Toward Hydra (top) and Matisse Chapel, Vence (bottom), by Eleanor Ray
Brooklyn-based and Southwest-informed, Eleanor Ray’s paintings are small works of attention—often around six by eight inches, oil on panel. Among her influences is philosopher Simone Weil, who understood attention as prayer.
Ray’s work is marked by spareness, depth, clean lines, and a singular view, with all else stripped away. In her exhibitions, the buildings and walls and doorways nearby feel like landscapes, while the dunes, sands, marsh grasses, and water she depicts feel like their own organic architecture. Whether in a painting of a chapel—in this instance the Vence Chapel designed by Matisse—or in formations of color and landmass, her work captures both emptiness and fullness.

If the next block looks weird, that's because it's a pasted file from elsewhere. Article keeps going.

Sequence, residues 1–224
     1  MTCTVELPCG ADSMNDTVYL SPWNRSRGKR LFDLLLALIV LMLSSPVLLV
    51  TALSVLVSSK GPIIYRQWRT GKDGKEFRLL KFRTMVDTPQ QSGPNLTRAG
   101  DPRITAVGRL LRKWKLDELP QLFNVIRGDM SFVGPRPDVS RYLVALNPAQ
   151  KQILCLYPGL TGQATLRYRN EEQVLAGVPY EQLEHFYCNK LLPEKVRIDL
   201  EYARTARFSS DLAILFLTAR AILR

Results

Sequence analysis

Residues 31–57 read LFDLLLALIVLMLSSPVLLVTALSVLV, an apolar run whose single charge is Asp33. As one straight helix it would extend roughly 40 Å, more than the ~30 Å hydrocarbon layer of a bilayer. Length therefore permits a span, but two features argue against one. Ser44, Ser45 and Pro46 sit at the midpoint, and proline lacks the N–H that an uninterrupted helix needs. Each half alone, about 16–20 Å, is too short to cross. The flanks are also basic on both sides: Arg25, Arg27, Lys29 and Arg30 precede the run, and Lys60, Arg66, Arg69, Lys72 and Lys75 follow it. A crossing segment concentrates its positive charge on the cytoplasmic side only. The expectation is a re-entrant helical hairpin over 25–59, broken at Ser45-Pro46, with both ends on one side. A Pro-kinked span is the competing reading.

With many images, your eye seeks a center point, something to land on. But there is something in Ray’s paintings that tamps down that impulse. Bands of color hold a kind of depth. It’s as though the heart quietly guides the eye, rather than the other way around—even as something often unexplainable opens up.
“There’s a certain satisfaction in painting something,” Ray told Bomb magazine last year, “and then seeing it more clearly or in a different way.”